LOVINGLY YOURS, HELEN. This GMA-7 Sunday afternoon program could be considered one of the pioneers of the afternoon drama series. It was first aired as a radio program in GMA-7's dzBB in 1981.


Each week, at the start of the program, TV-radio personality Helen Vela would read a story based on the life of a letter sender. After the reading, local showbiz's prime actors then would dramatize the story.

In 1992, after the untimely death of the show's host, Helen's daughter Princess Punzalan took over the program. Later on, actress Boots Anson-Roa replaced her as host while Princess focused on playing the show's lead roles, which led her to become an effective contravida.

By the time the show ended in 1996, Lovingly Yours, Helen hadearned awards from PMPC Star Awards, KBP Golden Dove Awards, and Catholic Mass Media Awards.

CONEY REYES ON CAMERA. This was another afternoon drama series that kept the televiewers glued to their television sets for one and a half hours on Saturdays.

Originally titled Coney Reyes-Mumar on The Set in 1984, the show aired every Saturday after Eat Bulaga. When CAN Television (CAN derived from Coney's real name Constancia Angeline Nubla) took over the production of the show, in partnership with TAPE Inc., it was retitled Coney Reyes on Camera.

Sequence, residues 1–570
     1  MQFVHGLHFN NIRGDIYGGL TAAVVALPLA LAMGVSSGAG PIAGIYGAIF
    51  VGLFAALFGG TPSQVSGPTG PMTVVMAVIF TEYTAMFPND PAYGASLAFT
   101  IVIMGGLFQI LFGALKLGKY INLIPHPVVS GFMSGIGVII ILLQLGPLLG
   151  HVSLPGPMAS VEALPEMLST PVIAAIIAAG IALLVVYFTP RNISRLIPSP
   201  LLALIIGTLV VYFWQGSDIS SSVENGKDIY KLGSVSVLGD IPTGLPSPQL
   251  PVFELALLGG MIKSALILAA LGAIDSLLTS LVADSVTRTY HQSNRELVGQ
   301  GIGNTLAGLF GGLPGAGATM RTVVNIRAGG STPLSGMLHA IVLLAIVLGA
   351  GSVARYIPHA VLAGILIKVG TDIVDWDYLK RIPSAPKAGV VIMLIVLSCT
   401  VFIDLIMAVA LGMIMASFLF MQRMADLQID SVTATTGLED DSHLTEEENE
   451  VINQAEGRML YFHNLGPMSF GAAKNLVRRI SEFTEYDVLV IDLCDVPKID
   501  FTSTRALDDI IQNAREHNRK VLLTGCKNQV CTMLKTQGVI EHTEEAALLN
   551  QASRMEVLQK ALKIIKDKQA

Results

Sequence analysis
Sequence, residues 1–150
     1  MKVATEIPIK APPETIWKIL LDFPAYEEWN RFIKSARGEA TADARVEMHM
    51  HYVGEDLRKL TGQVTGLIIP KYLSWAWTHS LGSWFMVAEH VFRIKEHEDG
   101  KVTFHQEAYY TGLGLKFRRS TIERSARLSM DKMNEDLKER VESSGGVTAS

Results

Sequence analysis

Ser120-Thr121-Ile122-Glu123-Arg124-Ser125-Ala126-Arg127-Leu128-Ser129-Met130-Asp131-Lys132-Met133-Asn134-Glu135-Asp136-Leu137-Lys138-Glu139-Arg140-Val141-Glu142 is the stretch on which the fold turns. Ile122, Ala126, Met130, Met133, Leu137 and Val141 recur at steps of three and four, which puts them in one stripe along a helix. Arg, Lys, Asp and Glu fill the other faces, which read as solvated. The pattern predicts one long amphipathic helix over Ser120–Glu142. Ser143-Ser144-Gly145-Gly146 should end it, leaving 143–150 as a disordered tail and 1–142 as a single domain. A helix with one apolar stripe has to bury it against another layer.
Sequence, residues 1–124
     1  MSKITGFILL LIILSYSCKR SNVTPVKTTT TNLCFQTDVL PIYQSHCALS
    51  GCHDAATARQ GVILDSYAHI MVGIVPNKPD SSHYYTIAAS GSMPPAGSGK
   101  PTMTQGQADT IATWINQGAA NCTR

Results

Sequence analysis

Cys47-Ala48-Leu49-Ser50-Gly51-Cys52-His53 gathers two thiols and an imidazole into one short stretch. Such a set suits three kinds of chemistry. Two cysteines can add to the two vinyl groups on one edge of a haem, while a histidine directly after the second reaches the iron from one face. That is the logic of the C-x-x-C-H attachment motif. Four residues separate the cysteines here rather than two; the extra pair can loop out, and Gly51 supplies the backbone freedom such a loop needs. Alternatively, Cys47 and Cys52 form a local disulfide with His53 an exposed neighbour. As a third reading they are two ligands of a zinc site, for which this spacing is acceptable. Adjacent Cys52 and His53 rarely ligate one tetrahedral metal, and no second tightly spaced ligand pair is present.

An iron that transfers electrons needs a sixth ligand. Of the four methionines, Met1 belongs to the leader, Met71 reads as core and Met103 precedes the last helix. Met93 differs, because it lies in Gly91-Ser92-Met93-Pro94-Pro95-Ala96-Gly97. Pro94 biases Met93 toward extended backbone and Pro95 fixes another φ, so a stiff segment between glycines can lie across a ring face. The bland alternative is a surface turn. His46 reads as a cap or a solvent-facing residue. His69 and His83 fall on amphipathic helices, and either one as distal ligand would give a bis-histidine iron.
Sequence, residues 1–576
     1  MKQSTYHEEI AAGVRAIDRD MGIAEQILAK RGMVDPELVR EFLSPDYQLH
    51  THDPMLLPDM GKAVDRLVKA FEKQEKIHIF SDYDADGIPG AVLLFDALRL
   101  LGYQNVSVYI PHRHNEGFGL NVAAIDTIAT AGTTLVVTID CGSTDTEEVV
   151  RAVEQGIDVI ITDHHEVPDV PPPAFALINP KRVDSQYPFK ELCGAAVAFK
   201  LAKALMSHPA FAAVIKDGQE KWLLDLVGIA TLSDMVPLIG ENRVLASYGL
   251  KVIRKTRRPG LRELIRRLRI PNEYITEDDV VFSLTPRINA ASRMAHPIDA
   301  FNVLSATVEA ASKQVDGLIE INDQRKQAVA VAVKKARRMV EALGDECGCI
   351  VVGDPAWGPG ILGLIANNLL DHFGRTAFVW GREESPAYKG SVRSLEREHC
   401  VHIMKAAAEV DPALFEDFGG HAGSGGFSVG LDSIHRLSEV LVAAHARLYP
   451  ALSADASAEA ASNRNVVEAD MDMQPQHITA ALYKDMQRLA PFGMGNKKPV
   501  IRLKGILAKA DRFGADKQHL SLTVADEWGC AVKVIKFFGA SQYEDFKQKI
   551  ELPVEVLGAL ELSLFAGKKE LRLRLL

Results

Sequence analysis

Coney Reyes not only produced this drama anthology, she also played the host and played several lead roles. Each week, the program featured inspirational stories acted out by major celebrities, like Vilma Santos, Judy Ann Santos, Vic Sotto, and more.

Coney Reyes on Camera also aired in two networks, RPN-9 and ABS-CBN, following the transfer of TAPE Inc. However, when TAPE Inc. moved to GMA-7, Coney Reyes on Camera was left in ABS-CBN until its final episode was aired in 1998.

Until now, TV networks still offer afternoon teledramas for Pinoy couch potatoes. It is noticeable, however, that these drama series have shorter airing periods. Also, most of them right now are remakes of classic movies and foreign shows from Korea, Japan, and even Mexico.

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Before remakes and foreign teleseryes occupied the afternoon block in television, Filipinos followed and enjoyed the stories of long-running teledramas and drama anthologies.